With his overtly homoerotic depictions of uber-masculine, leather-clad bikers, Tom of Finland is to many a gay fetish pioneer.
Who is Tom of Finland?
Born Touko Laaksonen in 1920 on the southern coast of Finland, Tom went on to become an international icon of gay fetish culture, particularly in the United States where he lived for many years. His artwork, which features muscular, uniformed and leather-bound men, leading up to and during play, has attracted worldwide attention and did much to redefine the public persona of gay men in the late 20th century.
Long before he became known as Tom of Finland, Touko developed his natural artistic talent by studying art in Helsinki. Having always desired explicitly ‘masculine’ men in uniform and other traditionally masculine guises, Touko was able to act out some of his fantasies with fellow soldiers when he was drafted into the Finnish army during World War II. These encounters, enhanced by his own imagination, then became the inspiration for his homoerotic sketches, which at first were simply for his own diversion.
It was only when a friend convinced him to send one of his more toned-down drawings to a US-based magazine in 1956 under the more ‘American-sounding’ pseudonym Tom, that the world was introduced to his work. Physique Pictorial was one of several homoerotic magazines fronting as muscle mags at the time and, despite anti-homosexual censorship laws, demand for Tom’s work grew rapidly.
By the time US laws against homosexuality were relaxed in the 70s, Tom’s work had become more realistic, explicit and hugely popular among the gay fetish community, as well as a newly-liberal wider society. Touko passed away in 1991, but love for his body of work and the way it championed gay fetish endures.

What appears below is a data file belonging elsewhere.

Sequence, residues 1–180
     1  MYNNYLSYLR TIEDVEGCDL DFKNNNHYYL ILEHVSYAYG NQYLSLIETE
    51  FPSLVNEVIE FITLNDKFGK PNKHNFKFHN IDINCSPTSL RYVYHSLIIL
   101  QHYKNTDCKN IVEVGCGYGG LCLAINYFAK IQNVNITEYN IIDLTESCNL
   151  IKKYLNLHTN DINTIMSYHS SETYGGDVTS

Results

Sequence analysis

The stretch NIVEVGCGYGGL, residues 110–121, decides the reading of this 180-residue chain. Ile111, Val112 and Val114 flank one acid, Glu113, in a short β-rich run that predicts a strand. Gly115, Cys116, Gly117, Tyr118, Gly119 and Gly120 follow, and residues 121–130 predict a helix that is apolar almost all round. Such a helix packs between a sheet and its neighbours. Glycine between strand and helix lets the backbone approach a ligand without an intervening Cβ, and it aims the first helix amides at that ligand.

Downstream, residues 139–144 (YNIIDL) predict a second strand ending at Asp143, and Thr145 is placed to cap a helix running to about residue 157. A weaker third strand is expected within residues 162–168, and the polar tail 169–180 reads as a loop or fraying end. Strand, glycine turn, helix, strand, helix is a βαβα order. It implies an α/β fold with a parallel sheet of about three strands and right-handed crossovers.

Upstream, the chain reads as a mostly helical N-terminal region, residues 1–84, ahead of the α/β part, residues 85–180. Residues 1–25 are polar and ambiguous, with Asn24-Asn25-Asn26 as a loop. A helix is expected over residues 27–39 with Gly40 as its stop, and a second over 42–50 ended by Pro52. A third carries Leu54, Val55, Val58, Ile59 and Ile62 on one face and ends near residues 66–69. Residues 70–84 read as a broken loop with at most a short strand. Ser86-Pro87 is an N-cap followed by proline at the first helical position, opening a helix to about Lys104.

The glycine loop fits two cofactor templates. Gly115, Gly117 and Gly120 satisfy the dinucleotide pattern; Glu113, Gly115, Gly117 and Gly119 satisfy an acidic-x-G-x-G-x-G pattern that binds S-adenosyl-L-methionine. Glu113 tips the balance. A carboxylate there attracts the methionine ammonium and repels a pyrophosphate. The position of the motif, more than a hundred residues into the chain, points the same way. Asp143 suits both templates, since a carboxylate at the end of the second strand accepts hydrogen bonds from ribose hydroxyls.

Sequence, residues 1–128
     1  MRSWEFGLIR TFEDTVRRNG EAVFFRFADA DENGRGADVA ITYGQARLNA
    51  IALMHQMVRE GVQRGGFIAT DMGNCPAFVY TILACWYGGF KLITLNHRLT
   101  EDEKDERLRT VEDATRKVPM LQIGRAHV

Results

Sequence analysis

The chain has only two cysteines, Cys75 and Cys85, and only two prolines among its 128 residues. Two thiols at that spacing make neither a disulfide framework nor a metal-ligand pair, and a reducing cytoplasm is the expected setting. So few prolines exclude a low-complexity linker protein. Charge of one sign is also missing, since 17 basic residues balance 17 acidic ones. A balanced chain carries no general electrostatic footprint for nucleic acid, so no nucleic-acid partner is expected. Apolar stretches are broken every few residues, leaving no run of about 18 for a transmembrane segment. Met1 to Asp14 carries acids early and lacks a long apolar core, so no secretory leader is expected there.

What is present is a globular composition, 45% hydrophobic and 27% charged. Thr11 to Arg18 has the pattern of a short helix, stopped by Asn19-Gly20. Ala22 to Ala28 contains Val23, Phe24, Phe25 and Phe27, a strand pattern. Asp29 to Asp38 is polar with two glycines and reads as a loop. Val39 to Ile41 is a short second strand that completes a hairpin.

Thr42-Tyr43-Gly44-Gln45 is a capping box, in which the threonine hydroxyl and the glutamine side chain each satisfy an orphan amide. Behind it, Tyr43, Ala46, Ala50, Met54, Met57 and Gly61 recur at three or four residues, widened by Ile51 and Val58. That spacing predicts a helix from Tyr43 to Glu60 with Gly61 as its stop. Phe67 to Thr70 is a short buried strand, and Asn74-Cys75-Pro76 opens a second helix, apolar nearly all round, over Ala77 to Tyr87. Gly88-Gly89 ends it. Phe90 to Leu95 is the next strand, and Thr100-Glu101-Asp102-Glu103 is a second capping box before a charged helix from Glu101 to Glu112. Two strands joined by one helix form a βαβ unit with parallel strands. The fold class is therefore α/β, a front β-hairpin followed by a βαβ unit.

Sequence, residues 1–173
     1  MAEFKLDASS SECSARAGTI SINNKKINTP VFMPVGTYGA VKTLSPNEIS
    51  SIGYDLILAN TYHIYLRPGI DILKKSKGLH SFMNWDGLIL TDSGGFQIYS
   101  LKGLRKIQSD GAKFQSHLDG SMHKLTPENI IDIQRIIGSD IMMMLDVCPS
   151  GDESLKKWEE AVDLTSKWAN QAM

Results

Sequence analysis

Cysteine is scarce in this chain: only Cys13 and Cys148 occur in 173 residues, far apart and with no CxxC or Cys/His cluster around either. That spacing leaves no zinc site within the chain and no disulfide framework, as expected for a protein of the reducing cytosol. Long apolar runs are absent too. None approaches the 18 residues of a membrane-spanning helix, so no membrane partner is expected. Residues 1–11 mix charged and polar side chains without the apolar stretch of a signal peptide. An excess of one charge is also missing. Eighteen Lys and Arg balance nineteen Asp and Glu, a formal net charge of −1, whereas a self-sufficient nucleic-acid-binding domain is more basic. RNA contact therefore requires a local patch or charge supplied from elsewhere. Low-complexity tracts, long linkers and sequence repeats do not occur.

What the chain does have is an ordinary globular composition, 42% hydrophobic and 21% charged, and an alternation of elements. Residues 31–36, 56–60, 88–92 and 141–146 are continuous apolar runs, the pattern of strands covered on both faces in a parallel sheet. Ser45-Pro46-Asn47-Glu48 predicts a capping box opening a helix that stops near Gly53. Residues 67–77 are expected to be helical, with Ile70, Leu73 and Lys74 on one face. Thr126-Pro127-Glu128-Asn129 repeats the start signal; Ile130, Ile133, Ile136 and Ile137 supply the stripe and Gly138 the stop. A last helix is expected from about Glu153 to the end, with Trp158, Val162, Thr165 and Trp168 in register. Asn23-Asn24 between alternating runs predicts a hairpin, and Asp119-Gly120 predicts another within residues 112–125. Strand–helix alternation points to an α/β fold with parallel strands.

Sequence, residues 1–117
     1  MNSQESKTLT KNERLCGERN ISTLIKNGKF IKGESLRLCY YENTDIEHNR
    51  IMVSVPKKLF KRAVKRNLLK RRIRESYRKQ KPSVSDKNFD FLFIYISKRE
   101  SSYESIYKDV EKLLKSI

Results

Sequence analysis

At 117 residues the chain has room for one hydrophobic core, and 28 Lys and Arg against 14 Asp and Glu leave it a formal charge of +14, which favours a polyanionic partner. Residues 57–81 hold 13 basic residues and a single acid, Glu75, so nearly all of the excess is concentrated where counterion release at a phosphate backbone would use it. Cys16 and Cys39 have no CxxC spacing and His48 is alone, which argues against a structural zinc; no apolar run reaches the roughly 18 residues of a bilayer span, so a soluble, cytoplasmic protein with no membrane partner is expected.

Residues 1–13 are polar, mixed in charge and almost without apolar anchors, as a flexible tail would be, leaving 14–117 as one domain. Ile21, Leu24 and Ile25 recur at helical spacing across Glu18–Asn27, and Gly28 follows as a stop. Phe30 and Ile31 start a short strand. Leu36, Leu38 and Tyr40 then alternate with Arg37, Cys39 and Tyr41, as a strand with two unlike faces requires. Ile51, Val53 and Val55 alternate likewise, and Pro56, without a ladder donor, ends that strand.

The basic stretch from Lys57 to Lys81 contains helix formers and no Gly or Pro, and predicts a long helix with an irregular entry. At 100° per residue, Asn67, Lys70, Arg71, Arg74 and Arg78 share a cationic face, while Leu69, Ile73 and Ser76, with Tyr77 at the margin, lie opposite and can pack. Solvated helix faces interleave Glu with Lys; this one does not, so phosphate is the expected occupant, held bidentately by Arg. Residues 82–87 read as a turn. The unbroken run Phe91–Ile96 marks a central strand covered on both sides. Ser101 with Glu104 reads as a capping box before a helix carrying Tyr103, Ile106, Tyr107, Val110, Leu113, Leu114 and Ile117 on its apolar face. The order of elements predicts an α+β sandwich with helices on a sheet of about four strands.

The impact of Tom’s work
One look at Tom’s illustrations makes it clear he was drawing the kind of men he lusted after – beautiful, muscular, well-endowed ‘hunks’ revelling in their sexuality.
Leather, denim and military uniforms all feature heavily in Tom’s work; in fact, all his men embody typically masculine identities in the extreme. The fact that these men were drawn in the heat of play helped to reposition longstanding societal views of homosexuality as ‘fragile’ and ‘effeminate’. These men were strong, vigorous and proud to be gay, at a time when homosexuality was still illegal in much of the world. Although Tom originally created his sketches purely for himself, many have credited his work as powerfully transgressive and an important medium through which fetish men could get together.
In the US, the Tom of Finland Foundation was created in 1984 by Touko and friend Durk Dehner, with the mission of safeguarding his work and then, after Touko passed away, his legacy. Widening its remit, the Foundation now works to support and promote all erotic expression in art and to ensure it gets the academic credit it deserves.
Fetish communities on both sides of the Atlantic herald Tom as an influential figure in history, and now, long after his death, Tom is finally recognised as an important artist in his native Finland. In 2016 a musical inspired by Touko’s life and work hit the stage in the Finnish city of Turku, and there’s even a Tom emoji available in Finland as part of their national set.
Tom’s illustrations have been immortalised in books and exhibitions, on sex toys and even limited-edition condoms, which he began including in his sketches during the 80’s to promote safe sex at the height of the AIDS epidemic. The big-budget Finnish film biopic, Tom of Finland (2017), will hopefully spread his story even further.
If you’ve never seen his work, we strongly suggest you check it out, and see why Tom of Finland is completely deserving of his legendary status.
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